Wednesday, December 30, 2009
I really am blessed beyond my wildest imaginations. We'll see what happens next. I'm 40, not as adventurous as I used to be and feeling a little beaten down. The wife is out of town for a week tending to her newly widowed father, the children, somehow sensing my mood/ needs went to sleep by 8:30 (for the first time in months) and the new year is ringing in all askew. However, I am an eternal optimist - go figure - and it can only go up from here.
I would normally go visit my parents, or friends in Canada with all my free time. However, we have pets that will tie me to the house. (And I haven't managed to renew our passports yet and get them for the kids. Do straight, married parents both have to be present at the post office to get passports for their kids? Talk about a deterrent to foreign travel.)
So maybe I'll have time to blog. Check back soon!
Tuesday, December 29, 2009
I now have a wonderful assist in the process of facing the day. Light from the new doors floods up the stairs and welcomes me each day.
The kids love it too - their inner artists are reveling in the perfect light.
Their attention was split before Christmas on their masterpiece and the contractors outside building the deck. They love Roy; Pequita was having an episode (our new, less judgmental word for tantrum) at one point (well, actually at about 5 points) and she sobbed Ruh! Me want Ruh! (Both my kids are having trouble with the 'oy' dipthong. It is quite endearing.)
And the dogs? They like the new platform that we had built for them. They sit out there surveying all their land, watching for prey and postal carriers.
Life is good.
Friday, December 18, 2009
to a reminder of how much we love our insulation* (R-7.5 per inch, folks!)
to a big hole in the wall on a 20 degree day
to French Doors installed
The contractor will be back next week to finish the insulating, trim, handle set installation, etc. Also, they'll be building a deck right outside that is the length of the house and projects 8' out onto the grassy patio we had created this past summer. Already the house is lighter, more open and so lovely. As always, each thing we get done inspires more work, but in the good way.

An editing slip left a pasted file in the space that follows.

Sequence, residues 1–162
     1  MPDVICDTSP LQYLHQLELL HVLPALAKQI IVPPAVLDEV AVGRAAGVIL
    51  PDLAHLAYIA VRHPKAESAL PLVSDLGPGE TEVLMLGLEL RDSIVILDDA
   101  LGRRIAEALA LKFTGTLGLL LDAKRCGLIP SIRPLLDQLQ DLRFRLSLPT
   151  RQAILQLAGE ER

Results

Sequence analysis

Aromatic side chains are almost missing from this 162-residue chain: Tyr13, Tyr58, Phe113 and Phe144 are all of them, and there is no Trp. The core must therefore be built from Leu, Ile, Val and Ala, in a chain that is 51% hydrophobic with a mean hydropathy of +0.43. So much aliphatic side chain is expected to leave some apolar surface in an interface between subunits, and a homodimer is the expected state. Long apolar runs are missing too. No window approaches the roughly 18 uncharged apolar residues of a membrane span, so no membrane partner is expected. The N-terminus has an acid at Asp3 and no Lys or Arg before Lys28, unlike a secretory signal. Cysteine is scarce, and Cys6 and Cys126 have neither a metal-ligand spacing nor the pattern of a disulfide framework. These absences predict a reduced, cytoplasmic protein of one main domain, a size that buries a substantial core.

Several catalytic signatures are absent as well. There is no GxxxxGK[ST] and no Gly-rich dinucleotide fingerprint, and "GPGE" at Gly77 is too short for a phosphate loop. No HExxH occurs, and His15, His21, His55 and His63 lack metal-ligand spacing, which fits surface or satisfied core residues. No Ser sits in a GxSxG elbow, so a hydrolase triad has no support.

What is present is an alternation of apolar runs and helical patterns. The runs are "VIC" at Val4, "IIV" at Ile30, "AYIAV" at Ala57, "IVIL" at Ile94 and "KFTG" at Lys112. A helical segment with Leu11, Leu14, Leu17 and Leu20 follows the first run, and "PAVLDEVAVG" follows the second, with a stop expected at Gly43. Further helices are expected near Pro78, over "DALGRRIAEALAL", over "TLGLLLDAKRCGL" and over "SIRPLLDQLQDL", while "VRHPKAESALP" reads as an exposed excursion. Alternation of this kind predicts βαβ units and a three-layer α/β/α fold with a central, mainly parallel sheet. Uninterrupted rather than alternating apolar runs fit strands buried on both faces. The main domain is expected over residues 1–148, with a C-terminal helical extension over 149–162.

Yes, that is my sewing machine on the kitchen island. I've been Christmas-ing the only way I know how.
*We used sprayed-in rigid foam insulation. It expands to fill every nook and cranny and dries hard which offers the house a lot of structural integrity as well as insulating the crap out of a 150 year old dwelling. I have NO regrets with this product. Our house has drafts but NONE of them are from the walls. (As pretty as it is, our field stone foundation is something that I'd get redone if we win the lottery.)
Wednesday, December 16, 2009
I told her that we'll spend Christmas 2010 in Boston at Grandma & Grandpa's house, and that we will all get dressed up and go to see the Boston Ballet dance the Nutcracker. Squeeeeeee! Not only has she planned out her own outfit to the last detail (purple, puffed sleeves, shiny bodice, tulle petticoat, tiny gold not-too-fancy crown) but she has assigned us all colors for our outfits. I am orange (what else?) H-Mama will be in red, and Monito gets a nice backhoe-themed oufit. Not sure how to pull that off as a seamstress.
"Mom, back in the old days, I wasn't very tired much. Now, I'm very tired a lot."
Aren't we all, little girl! I told her that its because she used to go to sleep by 7:30 and now she is up until about 10 every night.
"Oh. That's because I'm a big girl now."
I guess she is, if she can refer to the 'old days'.
Monday, December 14, 2009
I am immensely grateful for this window in time to enjoy the bounty of my life.
Thursday, December 10, 2009
We'll see if my skills are as good as I think they are - the red guy is not Santa, but is a Tomten or gnome. Could you tell?
Wednesday, December 9, 2009
I just bought a set of silk long johns for us all, and will have a go at making us woolen ones with my serger, as the cost of outfitting pottty training kids in woolens ($40 per shirt? $50 per pair pants? are they kidding?) is a smidge prohibitive for kids who grow a size every few months.
Anyone who has merino wool or cashmere sweaters with holes, stains, shrunken, or that they just don't like is invited to send them on to me for repurposing. I can offer you a barter - have you seen my felted balls?
Mittens for the kids in the only superwash (machine washable wool) I had on hand. I originally bought the yarn to make a vest for a boyfriend, which indicates how long it has been in my stash. Pequita LOVES them.
They were worsted weight yarn, so a little light for sledding or playing in the snow. Modification is my middle name. So happy was I with the classic mitten pattern, I started knitting a pair of thrummed mittens by making one size up (to accommodate all the fluff inside!) and tufts of roving I had on hand for wool felting. I just HAD to enliven them by striping the wool, which resulted in a teensy bit of irregularity as I figured out tuft size, frequency, etc. The second one will be better! I would be a better knitter if I actually made a prototype to practice patterns and skills, but it isn't in my nature. Hopefully the kids won't notice the little differences.